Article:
Given that our show JUST opened and will be running until early April, it seems an odd time to talk about things coming to an end. Not if you’re a designer.
For a typical designer, the majority of interaction with the entire team (Director, actors, stage management, theater management, etc.) is in the relative few days of tech. In Equity theaters tech is tightly controlled, usually moves along quickly, and is over before you know it. When a show goes into previews, the designer is an audience member with the power to make decisions but isn’t actively participating any more. When it opens, the designer is done. Costume designers are occasionally called upon to make decisions regarding upkeep or dressing understudies, but for the most part the design team is usually only contacted if something goes wrong, breaks, needs to be replaced, rethought, or removed.
On the majority of shows, the closure is welcome. It is hard to feel the sense of a “job well done” unless you’re actually done. In rare cases where the process is taxing, it is a great relief to be finished. But there are certain shows that you never really want to open because doing so means you don’t get to play any more. As You Like It was one of those for me.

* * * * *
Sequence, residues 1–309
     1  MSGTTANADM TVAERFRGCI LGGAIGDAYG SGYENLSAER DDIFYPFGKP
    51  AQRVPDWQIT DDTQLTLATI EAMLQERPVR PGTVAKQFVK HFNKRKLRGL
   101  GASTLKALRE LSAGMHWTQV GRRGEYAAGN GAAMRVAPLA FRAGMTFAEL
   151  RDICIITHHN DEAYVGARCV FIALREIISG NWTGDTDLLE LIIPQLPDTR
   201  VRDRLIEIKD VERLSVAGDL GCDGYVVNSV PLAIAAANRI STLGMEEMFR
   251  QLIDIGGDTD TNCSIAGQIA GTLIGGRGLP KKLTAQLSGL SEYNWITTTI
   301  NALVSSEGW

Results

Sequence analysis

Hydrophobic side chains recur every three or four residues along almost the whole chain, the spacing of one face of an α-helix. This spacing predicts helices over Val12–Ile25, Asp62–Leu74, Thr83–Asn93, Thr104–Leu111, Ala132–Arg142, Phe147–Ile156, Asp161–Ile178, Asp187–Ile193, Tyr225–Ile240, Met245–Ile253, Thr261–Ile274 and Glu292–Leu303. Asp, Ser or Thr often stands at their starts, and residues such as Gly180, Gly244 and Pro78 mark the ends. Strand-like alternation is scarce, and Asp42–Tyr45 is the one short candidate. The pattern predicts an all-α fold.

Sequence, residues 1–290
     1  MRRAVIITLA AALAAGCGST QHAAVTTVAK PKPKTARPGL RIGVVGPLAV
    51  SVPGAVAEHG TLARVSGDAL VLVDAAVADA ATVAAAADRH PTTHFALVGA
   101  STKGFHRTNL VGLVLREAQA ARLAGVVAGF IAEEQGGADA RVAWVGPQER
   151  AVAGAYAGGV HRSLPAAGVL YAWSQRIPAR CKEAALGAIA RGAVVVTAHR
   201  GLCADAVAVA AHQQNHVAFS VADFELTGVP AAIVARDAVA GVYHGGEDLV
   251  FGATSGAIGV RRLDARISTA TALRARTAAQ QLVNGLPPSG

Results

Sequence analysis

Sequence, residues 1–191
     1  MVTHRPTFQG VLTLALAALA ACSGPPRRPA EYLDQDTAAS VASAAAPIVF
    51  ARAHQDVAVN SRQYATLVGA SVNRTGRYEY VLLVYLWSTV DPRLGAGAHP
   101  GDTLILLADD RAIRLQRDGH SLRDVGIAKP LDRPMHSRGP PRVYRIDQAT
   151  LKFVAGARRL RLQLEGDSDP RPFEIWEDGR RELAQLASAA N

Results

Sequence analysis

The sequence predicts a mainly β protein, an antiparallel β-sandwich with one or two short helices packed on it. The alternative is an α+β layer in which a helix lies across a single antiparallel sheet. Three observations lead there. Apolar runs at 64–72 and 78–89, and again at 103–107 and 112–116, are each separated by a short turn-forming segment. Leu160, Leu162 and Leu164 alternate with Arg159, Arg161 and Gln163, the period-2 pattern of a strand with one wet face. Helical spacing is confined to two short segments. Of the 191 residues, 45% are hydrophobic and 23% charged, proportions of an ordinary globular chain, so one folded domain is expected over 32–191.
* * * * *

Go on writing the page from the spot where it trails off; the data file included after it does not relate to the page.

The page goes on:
Part of it is that I was “Music Director” for this production. I have done this a few times in my Chicago career and I have found those shows hardest to let go. When your only responsibility is sound design, you come to rehearsals a few times to get a sense of the show then bring in a bunch of sound effects and transitions over a period of a few days. It is sometimes hard to feel connected. When you’re a Music Director, you are called upon to lead rehearsals, which is a substantial shift in social dynamic. You have to answer questions, provide encouragement and occasional correction, and (if you’re the composer) explain something that sprang intuitively from your mind in words that that are technical and unintuitive. It can do things to your sense of proportion, particularly if what you’re use to is waving at actors from the other side of the room and only interacting with the core design and production teams.
This experience was one I felt (and still feel) deeply invested in. Alas, the time has come for me to pack my giant tech nerd bag and go home.
We’ll always have Arden.